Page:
Wednesday, June 17, 2009

human trafficking issue


1. As a source and transit for women and children for commercial exploitation, and forced labour either willingly or illegal.

2. Migrant workers are victimized by their employer/ agents/traffickers. Work more than 14-18 hours a day. No weekend rest. Passport held by the employer. No payment for the first 3 month but was paid to the agent. This are the MOU signed between Malaysia and Indonesian government.

3. Immigrant came for work and already paid some money but forced into prostitution after entering Malaysia. This involved traffickers, agent, employer.

4. If these people are caught and found as illegal immigrant, there will be depot to a detention place and send home immediately. No investigation done why they came here, who were involved, were they was exploited sexually or as forced labour. So no body will be caught.

5. Government enforcement are not very effective. Even the immigration director general and his deputy were arrested for graft and corruption involving the visas and visitation passes.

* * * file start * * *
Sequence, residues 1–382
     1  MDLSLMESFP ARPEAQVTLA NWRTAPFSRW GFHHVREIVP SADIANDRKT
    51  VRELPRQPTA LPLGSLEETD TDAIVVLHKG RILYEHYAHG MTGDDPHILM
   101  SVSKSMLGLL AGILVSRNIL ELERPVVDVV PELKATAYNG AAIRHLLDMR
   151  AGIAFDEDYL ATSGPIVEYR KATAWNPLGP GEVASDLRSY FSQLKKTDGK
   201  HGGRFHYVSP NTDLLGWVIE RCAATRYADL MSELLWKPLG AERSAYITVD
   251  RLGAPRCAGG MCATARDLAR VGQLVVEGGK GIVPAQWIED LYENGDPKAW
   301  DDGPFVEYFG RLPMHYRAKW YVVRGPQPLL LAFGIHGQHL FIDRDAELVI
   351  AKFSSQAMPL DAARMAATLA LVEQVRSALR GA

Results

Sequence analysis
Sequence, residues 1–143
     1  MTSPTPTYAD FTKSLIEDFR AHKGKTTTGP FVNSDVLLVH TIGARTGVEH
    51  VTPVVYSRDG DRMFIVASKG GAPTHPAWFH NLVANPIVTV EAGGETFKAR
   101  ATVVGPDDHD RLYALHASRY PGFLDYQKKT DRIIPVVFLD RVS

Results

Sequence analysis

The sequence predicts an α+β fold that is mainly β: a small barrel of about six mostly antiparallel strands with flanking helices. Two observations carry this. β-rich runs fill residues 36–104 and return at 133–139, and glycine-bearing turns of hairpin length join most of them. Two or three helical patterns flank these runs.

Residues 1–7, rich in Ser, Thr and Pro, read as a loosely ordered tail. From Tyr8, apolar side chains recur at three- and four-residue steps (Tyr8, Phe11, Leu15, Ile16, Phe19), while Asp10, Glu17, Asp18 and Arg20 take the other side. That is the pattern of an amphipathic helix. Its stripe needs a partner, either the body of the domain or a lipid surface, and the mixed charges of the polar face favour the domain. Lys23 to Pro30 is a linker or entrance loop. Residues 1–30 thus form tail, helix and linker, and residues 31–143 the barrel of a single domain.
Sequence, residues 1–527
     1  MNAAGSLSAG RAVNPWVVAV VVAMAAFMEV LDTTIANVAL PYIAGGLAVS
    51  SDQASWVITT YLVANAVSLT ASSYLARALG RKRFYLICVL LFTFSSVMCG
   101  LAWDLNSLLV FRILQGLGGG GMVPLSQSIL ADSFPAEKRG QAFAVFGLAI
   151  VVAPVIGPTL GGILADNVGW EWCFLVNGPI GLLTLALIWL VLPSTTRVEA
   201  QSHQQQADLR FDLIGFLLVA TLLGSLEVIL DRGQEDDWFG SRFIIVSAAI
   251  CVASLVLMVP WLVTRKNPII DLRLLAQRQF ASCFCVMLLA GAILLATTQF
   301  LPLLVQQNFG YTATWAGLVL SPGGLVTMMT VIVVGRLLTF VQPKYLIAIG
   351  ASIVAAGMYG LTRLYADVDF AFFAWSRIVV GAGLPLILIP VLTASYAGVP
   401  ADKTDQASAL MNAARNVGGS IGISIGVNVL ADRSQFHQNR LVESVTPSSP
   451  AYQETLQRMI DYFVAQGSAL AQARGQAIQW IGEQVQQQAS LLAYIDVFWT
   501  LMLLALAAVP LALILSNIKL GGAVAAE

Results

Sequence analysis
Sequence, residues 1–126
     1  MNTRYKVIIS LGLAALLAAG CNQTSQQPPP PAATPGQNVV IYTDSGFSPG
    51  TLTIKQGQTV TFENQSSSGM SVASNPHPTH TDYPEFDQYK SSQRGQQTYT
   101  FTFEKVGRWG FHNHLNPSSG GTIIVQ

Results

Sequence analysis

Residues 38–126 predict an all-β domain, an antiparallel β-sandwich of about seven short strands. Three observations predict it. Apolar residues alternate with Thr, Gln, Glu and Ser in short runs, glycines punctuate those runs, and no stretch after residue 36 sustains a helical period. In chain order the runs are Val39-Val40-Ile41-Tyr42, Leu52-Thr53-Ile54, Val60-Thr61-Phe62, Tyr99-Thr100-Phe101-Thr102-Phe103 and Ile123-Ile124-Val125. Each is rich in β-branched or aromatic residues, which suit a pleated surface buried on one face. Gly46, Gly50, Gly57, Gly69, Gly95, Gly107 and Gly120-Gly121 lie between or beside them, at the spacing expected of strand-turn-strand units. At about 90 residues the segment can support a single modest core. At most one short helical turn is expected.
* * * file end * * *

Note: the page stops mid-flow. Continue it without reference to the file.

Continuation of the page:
6. All of these showed that Malaysian achievement against human trafficking issue has reached not even minimal standard required by the USA.

: Malaysia is a Islamic country and most of the people are Muslim but we are still below bar in enforcing this human trafficking problems. NOTES: Arab Saudi also included by the USA

Pic below: A Malaysian policeman checks passports of migrant workers

Pic below: This is the picture that re-emerges from preliminary estimates in an on-going church study which indicate that there are somewhere between 30,000 and 32,000 trafficked persons in Sabah alone based on the official figures of 600,000 to 800,000 migrant workers in the state

Pic below: JOHOR BARU: Police may set up a special team to investigate the use of Pengerang by syndicates as the entry and exit point for illegal immigrants. Johor police chief Deputy Comm Datuk Mohd Mokhtar Mohd Shariff said

Pic below: Hla Myat Thu was one of a large group of Burmese nationals who took what she thought was a good and promising job last November: about $140 a month to work at the Japanese Konica Company in Malacca, Malaysia, a couple hours outside Kuala Lumpur. However, after they arrived in Malaysia and worked for a month, they were told there were no more jobs as the company was laying off employees and possibly would shut down later. The agents told Hla Myat Thu and her friends that they would have to pay about $1000 a piece to be allowed to return to Burma. Otherwise, they would have to stay in Malaysia and work for a fraction of what they were promised

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